Colorblind

Sometimes I almost forget my baby is colorblind.  Being colorblind does not mean that he sees the world in black and white, a common misconception, but his world looks much different than the world looks to most people.

When he was very small, we used to play a game called Cariboo.  Cariboo has since become the hottest of speech pathology commodities, and the two games I’ve got in our basement will someday fund my kids’ college tuition.  Riiiiiiiiight.  Like speech-pathologists have this fancy, lucrative career where money is no object.  Most years, I have to fully fund my stash of materials and supplies, so nobody in the speech therapy game is getting rich enough to pay what I want for my coveted Cariboo games.  Anyway. . .  Cariboo is an early education game targeting preacadmic skills such as letter naming, shape recognition and naming, color identification and the like. My kid always struggled with the green and red cards, so that was our first clue.

I remember observing a game of I Spy he played in speech therapy.  I didn’t get to many of those preschool sessions because I work full time, so was I able to take him to the university clinic just once.  I observed him with his therapist, Ms. Christie, whom he LOVED, and who is now my colleague, as it happens.  Ms. Christie had cards hidden around the room, and E was supposed to employ fluency-enhancing speech behaviors in the construct of “I spy something that is red” or “I spy something that you can throw” for example.  Everything he spied was purple or brown.  Ms. Christie did not have cards with any brown or purple items on them.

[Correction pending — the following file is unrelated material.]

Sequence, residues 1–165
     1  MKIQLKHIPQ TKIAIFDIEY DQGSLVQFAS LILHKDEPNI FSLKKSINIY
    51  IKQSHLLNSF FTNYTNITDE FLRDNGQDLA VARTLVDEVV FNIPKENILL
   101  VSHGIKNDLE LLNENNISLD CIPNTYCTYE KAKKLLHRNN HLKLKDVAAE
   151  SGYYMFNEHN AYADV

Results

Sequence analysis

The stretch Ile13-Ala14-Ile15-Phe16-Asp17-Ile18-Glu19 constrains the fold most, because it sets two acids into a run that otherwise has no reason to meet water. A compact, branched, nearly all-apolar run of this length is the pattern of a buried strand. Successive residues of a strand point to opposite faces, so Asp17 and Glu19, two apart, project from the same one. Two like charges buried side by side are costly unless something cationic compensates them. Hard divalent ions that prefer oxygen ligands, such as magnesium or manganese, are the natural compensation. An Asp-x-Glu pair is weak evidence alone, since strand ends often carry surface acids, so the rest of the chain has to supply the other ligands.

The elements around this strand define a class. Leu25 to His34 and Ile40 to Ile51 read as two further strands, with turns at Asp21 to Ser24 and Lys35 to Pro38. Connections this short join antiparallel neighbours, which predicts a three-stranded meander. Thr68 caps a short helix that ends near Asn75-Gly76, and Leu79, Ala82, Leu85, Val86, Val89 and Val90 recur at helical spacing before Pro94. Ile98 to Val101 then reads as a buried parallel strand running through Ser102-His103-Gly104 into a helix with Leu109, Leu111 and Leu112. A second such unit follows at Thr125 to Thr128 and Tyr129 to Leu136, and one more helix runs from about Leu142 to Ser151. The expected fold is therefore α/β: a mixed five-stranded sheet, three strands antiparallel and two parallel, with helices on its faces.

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OK, maybe this sweet combo should have been a clue, but he was three and we exploring the idea of letting our kids make their own choices!

We took him for a vision exam when he was in kindergarten, not strictly due to the suspected colorblindness, but we were picking up on soft signs around the house and then a school vision screening strongly suggested we should.  Shortly thereafter, he was fitted with his first pair of glasses, and I cried real tears when he, for the first time, understood that trees had individual leaves and not a green blob on their branches.  Did you know a bunch of grapes is comprised of literally a bunch of grapes?  Of course you did, but he didn’t.  He saw a blob.

Colorblindness isn’t terrifically handicapping, but he does experience periodic frustration, to be sure.  We tell his teachers about it every fall–if a test has a “Measure the green line” or “What is the perimeter of the red trapezoid?” he’s at a distinct disadvantage, so it matters.  Otherwise though, he’s learned what I call the Crayola 8.  He has learned by association that classic red is red and classic purple is purple for example, but shades of anything in between are a wild guess.  “Mom, where’s my grey shirt?” could return something that’s neon, high-vis yellow, aqua, forest green, or if we’re lucky, actually grey.